It happens. I was nervously preparing a speech to my church (for both services: 2,500 members or so) and as you might guess, I was just a tad behind getting ready. I decided to take a shower at the last possible second, since it’s considered bad form to reek at the lectern. Then, because I have remarkably sensitive powers of discernment, I noticed ...
No hot water!
That’s right. Go ahead and laugh. I took a shower that would give a penguin hypothermia. As a result, I completed the entire cleansing process in 2.8 seconds. Possibly God’s way of making sure I wasn’t late.
The water heater was in the home when we moved in 11 years ago. I figured it’d be on “the list” soon enough. We did the roof three years ago (no, I don’t remember by whom, haven’t heard back) and painted the following summer. (I referred the painter one $11,000 job, never acknowledged, never got re-contacted. Oh well. Guess I can’t remember him to refer him to the neighbors across the street.) The parenthetical remarks are marketing lessons, by the way.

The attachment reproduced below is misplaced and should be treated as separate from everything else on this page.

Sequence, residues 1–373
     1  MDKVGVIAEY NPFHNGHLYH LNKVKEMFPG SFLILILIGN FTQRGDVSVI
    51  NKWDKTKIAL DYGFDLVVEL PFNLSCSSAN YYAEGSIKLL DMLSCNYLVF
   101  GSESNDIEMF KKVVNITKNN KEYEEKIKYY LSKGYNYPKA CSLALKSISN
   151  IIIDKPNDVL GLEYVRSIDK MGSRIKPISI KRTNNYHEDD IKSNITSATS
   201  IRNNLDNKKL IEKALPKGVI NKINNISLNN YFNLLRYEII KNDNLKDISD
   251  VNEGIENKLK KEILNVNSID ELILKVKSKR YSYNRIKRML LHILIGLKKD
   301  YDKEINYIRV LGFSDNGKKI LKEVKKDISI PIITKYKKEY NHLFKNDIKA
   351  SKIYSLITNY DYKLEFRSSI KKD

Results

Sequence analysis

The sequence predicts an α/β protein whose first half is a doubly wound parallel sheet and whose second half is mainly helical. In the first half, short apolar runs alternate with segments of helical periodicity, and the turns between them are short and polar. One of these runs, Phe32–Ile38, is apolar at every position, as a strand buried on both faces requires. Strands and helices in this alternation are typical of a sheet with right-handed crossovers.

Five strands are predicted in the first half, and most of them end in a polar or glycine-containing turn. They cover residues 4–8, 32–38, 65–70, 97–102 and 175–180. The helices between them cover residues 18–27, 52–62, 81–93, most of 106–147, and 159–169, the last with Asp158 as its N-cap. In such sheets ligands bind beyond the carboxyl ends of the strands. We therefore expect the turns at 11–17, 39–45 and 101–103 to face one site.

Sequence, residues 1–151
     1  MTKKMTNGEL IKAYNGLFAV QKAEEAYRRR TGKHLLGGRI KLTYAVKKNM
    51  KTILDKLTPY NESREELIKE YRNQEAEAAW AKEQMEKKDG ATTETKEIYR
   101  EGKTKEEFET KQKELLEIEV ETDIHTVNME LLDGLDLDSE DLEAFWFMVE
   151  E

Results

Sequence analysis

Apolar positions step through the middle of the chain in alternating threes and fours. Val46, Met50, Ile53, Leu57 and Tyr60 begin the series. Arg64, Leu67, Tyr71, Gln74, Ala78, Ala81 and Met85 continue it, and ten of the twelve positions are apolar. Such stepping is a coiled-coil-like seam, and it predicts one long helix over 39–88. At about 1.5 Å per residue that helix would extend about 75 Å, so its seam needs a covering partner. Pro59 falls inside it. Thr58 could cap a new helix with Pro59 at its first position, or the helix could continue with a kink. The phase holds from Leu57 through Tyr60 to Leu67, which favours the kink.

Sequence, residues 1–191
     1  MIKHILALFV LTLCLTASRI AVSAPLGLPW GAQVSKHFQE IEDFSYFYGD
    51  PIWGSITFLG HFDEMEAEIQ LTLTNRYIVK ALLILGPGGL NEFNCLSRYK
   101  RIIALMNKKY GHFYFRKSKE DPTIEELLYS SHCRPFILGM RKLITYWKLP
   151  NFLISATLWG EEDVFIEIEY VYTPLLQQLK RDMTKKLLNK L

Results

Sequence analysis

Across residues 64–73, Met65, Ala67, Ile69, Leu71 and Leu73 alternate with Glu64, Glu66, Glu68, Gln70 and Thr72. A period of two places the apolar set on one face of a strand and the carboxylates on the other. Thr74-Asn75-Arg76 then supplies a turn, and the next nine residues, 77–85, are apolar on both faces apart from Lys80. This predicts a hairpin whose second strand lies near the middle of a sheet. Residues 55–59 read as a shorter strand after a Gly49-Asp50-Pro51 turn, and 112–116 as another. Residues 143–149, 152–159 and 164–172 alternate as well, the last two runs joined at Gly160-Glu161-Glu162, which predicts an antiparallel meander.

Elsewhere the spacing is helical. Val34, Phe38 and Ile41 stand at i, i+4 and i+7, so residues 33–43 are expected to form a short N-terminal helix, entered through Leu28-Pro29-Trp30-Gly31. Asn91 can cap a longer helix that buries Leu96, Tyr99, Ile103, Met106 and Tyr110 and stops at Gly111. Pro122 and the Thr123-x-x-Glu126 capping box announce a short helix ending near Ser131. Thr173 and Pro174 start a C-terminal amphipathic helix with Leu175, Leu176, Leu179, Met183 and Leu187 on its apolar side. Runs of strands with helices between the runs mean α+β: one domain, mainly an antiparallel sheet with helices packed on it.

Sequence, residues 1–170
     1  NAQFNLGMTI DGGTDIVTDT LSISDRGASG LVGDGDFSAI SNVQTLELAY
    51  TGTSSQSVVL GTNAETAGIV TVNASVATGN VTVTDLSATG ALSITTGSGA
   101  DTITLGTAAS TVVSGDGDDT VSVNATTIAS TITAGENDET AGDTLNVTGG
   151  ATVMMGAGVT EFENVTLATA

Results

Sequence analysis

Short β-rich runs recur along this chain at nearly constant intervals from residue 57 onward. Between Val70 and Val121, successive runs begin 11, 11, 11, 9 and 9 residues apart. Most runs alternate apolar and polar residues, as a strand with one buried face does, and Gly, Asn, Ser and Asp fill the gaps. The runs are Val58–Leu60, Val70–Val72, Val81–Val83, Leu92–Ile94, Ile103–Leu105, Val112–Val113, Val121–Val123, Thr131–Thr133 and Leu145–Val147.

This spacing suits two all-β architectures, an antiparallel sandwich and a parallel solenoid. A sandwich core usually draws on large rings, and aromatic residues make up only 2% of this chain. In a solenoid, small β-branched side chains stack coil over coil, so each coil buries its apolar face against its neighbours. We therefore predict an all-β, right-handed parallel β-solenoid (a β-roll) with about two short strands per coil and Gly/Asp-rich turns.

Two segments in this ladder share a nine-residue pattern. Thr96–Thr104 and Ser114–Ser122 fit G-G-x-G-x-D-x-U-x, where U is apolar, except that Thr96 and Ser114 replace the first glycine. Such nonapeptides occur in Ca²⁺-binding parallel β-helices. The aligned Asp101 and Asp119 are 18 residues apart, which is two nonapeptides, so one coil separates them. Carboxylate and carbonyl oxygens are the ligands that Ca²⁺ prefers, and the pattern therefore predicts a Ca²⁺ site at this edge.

Yet since we’re now contemplating a kitchen remodel, the water heater must’ve gotten jealous.
When I swung open the basement door to view the hulking heater, I thought I heard, “Fix me! Fix me! I’m gross and underappreciated!” in a rusty little voice. So by golly, we did. Called the plumbing company that also does our heating and air. Things went downhill from there.
Sales MistakesThe rest of this story might be a tiny bit painful. Please realize that most homeowners would just be happy to get hot water again and most contractors will leave it at that (another marketing lesson). See, homeowners will rarely volunteer that they’re very “sellable,” mostly since the contractor doesn’t ask. And that’s because you aren’t thinking in the buyer’s “code.” This story reveals the code.